Spotted or Rosette: Bengal spots can appear as monochrome spots, but most are considered rosettes. Rosettes are spots with two distinct shades, usually with a darker interior with a lighter interior. Bengals can have different types of rosettes, including ones shaped like donuts, clusters, arrowheads, paw prints, and even hearts.
Marbled: Marbled Bengals are another distinct pattern and one that's relatively rare. The marbling usually involves three different shades, referred to as "tri-color marbles," and typically has a horizontal pattern. Some Bengal cats have both spots and marbling in their coat pattern.
Bengal Coat Type
Most Bengals have short-haired coats. Actually, only short-haired Bengals are considered part of the breed, according to The International Cat Association (TICA) breed standard. Their coat is quite plush but is very easy to maintain.
Yes, long-haired Bengal cats do exist. They're known as Cashmere Bengals.
Long-haired Bengals are identical to true Bengal cats in every way, except they have long, silky hair. Many have a fluffy mane around their neck, so they look like a cross between a leopard and a lion. Breeders have attempted to "breed out" the gene responsible for long hair because it wasn't a desirable trait, but Cashmere cat enthusiasts are trying to have this gorgeous cat recognized as a separate breed.
History and Origin of the Bengal
The Bengal cat is a hybrid cross between an Asian leopard cat and a domestic house cat. Several people are said to have bred these two felines around the same time for various reasons, including Dr. Willard Centerwall and Bill Engler. Bill Engler is noted as saying his goal was, "to create a small exotic cat that was beautiful and had the disposition that was suitable for a pet house cat," and these attempts were ultimately successful.
However, it's Jean Mill, a Californian cat breeder, who is credited with creating the Bengal that we know today. The Bengal was recognized as a breed by The International Cat Association (TICA) in 1983. Since then, Bengals have gone on to win numerous cat show championships, and have become popular as pets. They have also become one of the most expensive cat breeds around.
Bengal Breed Care
Due to their energetic nature and dog-like personality, Bengals have some unique care requirements. Most of their care is similar to that of any other cat or kitten, with a few additions.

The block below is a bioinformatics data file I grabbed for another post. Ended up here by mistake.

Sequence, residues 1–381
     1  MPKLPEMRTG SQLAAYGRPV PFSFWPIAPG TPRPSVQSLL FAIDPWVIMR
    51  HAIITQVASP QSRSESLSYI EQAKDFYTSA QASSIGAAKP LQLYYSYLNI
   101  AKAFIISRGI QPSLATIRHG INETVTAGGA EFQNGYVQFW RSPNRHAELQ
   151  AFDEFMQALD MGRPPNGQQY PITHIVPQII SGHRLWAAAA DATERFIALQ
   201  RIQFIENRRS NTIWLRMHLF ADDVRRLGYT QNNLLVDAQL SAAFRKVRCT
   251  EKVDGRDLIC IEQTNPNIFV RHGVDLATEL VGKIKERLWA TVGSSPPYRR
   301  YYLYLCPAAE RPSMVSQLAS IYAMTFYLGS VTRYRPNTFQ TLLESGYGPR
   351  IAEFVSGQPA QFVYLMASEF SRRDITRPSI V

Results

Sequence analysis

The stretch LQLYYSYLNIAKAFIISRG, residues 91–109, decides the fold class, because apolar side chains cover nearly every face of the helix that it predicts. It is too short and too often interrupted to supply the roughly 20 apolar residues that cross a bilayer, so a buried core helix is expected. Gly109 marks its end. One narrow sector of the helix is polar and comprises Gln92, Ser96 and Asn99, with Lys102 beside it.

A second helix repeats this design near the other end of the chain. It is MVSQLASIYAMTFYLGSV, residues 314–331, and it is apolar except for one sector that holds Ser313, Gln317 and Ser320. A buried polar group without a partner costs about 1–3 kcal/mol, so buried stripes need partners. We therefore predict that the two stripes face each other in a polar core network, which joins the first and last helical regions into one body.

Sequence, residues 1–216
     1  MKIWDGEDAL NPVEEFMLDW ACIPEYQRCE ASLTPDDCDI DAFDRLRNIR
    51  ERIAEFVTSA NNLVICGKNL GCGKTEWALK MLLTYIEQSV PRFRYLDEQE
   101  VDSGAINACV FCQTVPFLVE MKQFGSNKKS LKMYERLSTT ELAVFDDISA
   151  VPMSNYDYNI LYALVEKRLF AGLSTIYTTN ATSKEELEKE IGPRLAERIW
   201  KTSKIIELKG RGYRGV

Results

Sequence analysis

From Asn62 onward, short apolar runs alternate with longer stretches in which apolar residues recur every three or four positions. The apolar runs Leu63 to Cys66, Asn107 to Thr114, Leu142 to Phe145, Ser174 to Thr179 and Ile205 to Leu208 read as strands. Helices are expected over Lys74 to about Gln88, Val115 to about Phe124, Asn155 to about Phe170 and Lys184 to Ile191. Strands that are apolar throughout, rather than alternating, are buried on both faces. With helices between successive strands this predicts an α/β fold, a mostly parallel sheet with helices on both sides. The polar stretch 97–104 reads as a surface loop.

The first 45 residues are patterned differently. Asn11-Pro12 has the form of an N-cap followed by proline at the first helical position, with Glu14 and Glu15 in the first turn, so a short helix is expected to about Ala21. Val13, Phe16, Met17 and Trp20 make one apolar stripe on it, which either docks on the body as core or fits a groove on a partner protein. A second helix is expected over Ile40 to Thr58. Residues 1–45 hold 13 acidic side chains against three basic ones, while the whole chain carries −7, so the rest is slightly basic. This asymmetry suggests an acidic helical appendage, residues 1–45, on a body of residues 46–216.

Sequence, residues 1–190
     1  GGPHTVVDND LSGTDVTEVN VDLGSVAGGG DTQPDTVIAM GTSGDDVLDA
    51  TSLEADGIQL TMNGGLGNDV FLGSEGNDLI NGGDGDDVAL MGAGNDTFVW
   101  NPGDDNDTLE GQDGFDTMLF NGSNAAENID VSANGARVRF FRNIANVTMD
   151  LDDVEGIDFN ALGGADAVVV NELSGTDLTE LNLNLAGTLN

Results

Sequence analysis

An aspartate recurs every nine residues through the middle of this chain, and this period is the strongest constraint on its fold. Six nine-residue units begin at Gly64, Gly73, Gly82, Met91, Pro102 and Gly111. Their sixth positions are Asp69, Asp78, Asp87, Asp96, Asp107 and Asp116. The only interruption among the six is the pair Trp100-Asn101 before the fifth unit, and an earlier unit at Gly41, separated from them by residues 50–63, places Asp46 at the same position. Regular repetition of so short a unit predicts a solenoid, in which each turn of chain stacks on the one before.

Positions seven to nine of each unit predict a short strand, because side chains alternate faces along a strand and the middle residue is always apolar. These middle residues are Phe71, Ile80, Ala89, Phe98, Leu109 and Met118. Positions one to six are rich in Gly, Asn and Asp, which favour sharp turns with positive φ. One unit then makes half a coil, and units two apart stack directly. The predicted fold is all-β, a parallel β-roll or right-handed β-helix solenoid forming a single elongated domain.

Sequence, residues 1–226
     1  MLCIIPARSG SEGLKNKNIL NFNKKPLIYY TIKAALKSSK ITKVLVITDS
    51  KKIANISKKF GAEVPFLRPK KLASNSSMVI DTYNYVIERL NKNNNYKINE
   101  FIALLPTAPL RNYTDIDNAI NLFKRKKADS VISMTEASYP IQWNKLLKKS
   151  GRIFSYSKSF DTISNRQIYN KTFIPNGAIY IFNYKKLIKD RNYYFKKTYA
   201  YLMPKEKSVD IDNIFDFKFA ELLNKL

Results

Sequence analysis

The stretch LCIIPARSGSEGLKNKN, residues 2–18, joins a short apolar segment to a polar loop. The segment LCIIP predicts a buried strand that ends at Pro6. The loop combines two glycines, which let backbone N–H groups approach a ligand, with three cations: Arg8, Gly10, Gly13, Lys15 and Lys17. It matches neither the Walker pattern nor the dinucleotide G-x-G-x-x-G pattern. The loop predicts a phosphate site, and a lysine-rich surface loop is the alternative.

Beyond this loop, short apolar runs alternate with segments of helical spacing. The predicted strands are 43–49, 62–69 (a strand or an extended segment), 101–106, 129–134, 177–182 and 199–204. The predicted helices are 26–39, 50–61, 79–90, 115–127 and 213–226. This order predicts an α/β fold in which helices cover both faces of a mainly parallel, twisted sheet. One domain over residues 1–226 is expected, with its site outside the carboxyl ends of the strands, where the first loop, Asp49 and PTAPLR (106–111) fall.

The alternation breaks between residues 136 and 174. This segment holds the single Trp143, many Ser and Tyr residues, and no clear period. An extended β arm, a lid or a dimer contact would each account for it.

Bengal cats are busy pets who need a lot of exercise. Aim to give your Bengal at least 30 to 60 minutes of exercise each day. You can do this through active play with wand toys or laser pointers, outdoor walks on a leash, or with a cat exercise wheel. Without enough physical and mental stimulation, your Bengal could turn to destructive behaviors, such as scratching or meowing excessively, so keep them engaged daily.
If your cat has a high prey drive, using a laser pointer for play may not be a good idea.
Bengals have low grooming needs. Because they're low-shedders and most have short hair, you won't need to brush your Bengal very often. Once or twice every week is adequate. This trait also makes the Bengal cat one of the few breeds that are nearly hypoallergenic.
Bengal cats have the same nutritional requirements as any other breed of cat. They are obligate carnivores who should eat a diet high in protein. However, due to a Bengal's high energy, they will need more calories than a lap cat. Find high-quality food for your cat's life stage (kitten, adult, senior) and feed them according to the feeding instructions provided.
Royal Canin does offer a breed-specific diet designed for Bengals. The formula includes a high protein content to help Bengals maintain their muscle mass, plus it isn't hard on their notoriously sensitive stomachs. Alternatively, many Bengal owners elect to cook for their cats or feed them raw diets. Speak to your veterinarian to find out what the best diet for your Bengal should be.
Bengal Cats as Pets
Bengal cats aren't for everyone, but they're excellent cats for the right person or family. If you're interested in a lap cat you can leave at home for most of the day, a Bengal isn't a good choice. However, if you want a smart, athletic cat you can train or walk on a leash, you should definitely consider a Bengal. Just know these gorgeous cats are costly and will keep regular veterinary visits, high-quality food, and enrichment toys for their lifetime of 12 to 16 years or more. But as any Bengal owner will tell you, it's well worth it.